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I know that if an operator $T$ in $L(V)$ (where $V$ is a finite dimentional vector space over the complex field) is normal than for every vector $v$ in $V$ , $Tv= \lambda v$ iff $T^*v= \lambda^*v$ (where $\lambda^*$ is the complex conjugate of $\lambda$). Why isn't this correct for every operator?

I think that you can take the eigenspace of $\lambda$ (regarding $T$) and this is a $T$-invariant subspace of $V$. So this is also a $T^*$ -invariant subspace and there you get that for every $v,w$ in $\mathrm{eigenspace}(\lambda)$ $\langle v,\lambda^*w\rangle=\langle \lambda v,w\rangle=\langle Tv,w\rangle=\langle v,T^*w\rangle$ and therefor $T^*w=\lambda^*w$. What is my mistake?

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Counterexample $\mathrm{span}\{(1,0)\}\subset \mathbb{R}^2$ is invariant subspace of $$T=\begin{Vmatrix} 1& 1\\0 &1\end{Vmatrix},$$ but not invariant subspace of $T^*$. – Norbert Jun 29 '12 at 13:57
You need $V$ to have an inner product to talk about adjoints, and taking adjoints doesn't preserve invariant subspaces in general. (It does if $T$ is normal, but this just reflects the general fact that commuting operators preserve each other's eigenspaces). – Qiaochu Yuan Jun 29 '12 at 13:59

Your mistake is assuming that if $\lambda$ is eigenvalue of $T$ with eigenvector $v$, then $\overline\lambda$ is eigenvalue of $T^*$ (this is true) also with eigenvector $v$ (this is not true in general; it is when $T$ is normal).

Using Norbert's example, $1$ is eigenvalue of $T$ with eigenvector $v=\begin{bmatrix}1\\0\end{bmatrix}$. But $v$ is not an eigenvector of $T^*$: $$ T^*v=\begin{bmatrix}1&0\\1&1\end{bmatrix}\,\begin{bmatrix}1\\0\end{bmatrix} =\begin{bmatrix}1\\1\end{bmatrix} $$ Still, of course, $1$ is indeed an eigenvalue of $T^*$, but with eigenvector $\begin{bmatrix}0\\1\end{bmatrix}$.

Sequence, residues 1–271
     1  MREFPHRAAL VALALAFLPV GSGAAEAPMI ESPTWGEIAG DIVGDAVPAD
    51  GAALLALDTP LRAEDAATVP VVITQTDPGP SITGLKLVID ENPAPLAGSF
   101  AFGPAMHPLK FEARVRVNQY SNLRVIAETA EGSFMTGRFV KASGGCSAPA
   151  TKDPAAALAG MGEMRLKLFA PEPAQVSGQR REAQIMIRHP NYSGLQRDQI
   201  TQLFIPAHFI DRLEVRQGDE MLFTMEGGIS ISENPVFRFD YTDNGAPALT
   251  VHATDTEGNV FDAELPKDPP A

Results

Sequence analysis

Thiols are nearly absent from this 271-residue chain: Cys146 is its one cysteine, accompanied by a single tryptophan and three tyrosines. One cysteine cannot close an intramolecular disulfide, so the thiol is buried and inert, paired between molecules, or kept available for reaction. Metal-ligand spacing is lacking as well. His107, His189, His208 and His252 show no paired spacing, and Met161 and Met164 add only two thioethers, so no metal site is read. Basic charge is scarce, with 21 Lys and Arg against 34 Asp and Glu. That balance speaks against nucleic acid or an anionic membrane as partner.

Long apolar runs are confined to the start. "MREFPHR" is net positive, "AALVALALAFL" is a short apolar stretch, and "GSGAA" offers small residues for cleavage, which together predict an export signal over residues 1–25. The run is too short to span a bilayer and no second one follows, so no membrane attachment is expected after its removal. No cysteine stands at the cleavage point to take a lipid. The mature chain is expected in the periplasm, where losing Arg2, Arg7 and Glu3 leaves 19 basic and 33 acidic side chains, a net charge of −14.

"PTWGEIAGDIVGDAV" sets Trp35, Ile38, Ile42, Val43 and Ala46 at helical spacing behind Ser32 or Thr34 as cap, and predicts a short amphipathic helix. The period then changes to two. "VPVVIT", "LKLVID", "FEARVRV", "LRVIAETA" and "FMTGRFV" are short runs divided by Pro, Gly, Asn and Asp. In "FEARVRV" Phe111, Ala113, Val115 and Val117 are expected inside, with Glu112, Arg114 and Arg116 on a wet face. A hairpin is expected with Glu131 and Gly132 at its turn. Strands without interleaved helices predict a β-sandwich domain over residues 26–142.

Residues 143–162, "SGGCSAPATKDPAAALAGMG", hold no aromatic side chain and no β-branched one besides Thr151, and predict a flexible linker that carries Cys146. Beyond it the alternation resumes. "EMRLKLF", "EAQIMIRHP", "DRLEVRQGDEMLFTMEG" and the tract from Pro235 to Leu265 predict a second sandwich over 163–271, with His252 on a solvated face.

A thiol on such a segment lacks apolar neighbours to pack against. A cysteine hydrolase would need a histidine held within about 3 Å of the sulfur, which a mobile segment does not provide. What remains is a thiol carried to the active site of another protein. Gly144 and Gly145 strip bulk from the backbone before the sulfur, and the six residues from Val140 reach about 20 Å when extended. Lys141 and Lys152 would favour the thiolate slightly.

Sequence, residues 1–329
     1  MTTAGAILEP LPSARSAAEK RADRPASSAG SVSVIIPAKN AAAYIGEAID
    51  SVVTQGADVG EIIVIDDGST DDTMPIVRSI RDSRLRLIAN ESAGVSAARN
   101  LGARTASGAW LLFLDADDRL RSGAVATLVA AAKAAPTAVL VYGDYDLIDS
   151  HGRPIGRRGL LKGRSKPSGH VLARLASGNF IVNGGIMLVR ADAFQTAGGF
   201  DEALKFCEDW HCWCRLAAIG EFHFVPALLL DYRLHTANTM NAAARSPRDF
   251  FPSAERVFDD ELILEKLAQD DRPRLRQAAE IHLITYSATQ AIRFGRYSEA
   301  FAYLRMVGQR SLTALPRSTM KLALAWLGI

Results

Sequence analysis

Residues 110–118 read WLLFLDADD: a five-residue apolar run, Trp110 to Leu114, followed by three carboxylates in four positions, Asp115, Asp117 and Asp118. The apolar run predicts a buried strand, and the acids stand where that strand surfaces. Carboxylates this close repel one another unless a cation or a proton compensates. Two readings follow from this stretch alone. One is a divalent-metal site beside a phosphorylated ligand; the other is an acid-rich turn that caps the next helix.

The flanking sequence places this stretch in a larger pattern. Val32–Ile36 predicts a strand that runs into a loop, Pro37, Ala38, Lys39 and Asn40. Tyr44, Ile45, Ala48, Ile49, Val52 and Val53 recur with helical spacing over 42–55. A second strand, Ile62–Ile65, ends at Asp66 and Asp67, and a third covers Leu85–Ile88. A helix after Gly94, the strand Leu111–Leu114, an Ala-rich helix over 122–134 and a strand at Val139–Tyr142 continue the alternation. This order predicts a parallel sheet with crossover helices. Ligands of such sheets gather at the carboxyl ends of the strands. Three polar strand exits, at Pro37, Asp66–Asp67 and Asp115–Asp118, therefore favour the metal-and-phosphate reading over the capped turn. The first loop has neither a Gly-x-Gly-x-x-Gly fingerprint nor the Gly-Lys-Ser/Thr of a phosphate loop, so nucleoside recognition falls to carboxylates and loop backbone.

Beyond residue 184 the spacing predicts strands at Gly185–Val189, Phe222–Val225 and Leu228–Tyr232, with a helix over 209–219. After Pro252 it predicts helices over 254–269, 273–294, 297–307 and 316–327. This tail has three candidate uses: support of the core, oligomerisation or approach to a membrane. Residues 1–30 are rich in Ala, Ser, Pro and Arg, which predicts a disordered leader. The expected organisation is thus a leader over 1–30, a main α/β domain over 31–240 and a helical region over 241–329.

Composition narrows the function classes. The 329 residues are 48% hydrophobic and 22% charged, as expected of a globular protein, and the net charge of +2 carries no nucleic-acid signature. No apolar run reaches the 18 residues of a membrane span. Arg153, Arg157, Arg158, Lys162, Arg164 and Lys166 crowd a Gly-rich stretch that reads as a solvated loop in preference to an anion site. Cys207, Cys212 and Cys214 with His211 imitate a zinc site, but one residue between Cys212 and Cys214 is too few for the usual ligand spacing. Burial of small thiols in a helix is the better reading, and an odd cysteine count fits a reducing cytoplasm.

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The problem of your reasoning is that $\langle v,\lambda^*w\rangle=\langle \lambda v,w\rangle=\langle Tv,w\rangle=\langle v,T^*w\rangle$ does not imply $T^*w=\lambda^*w$. For this to be true, you must have $\forall v \in V, \langle \lambda v,w \rangle = \langle v,T^*w \rangle$. However, this equality only holds for eigenvector one specific eigenvector of $T$ under this circumstance.

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For the proof you need:

(1) if $T$ is normal than $kerT = kerT^*$

Take any $v\in$$V$ than because $T$ is normal you get $$<T(v)|T(v)> = <T^*(v)|T^*(v)>$$ So every $v\in$ker$T$ iff also $\in$$kerT^*$

(2) if T is normal than $T-$$\lambda$$Id$ is normal. (this is easy to check).

Now if $v$ is an eigenvector of $T$ with eigenvalue $\lambda$, than $v$$\in$$ker(T-$$\lambda$$Id)$.

Now from (2) we get that $T-$$\lambda$$Id$ is normal, so from (1) we get that $ker(T-$$\lambda$$Id)$ = $ker(T^*-$$\overline\lambda$$Id)$ so than we can say that $v$ is an eigenvector of $T^*$ with eigenvalue of $\overline\lambda$.

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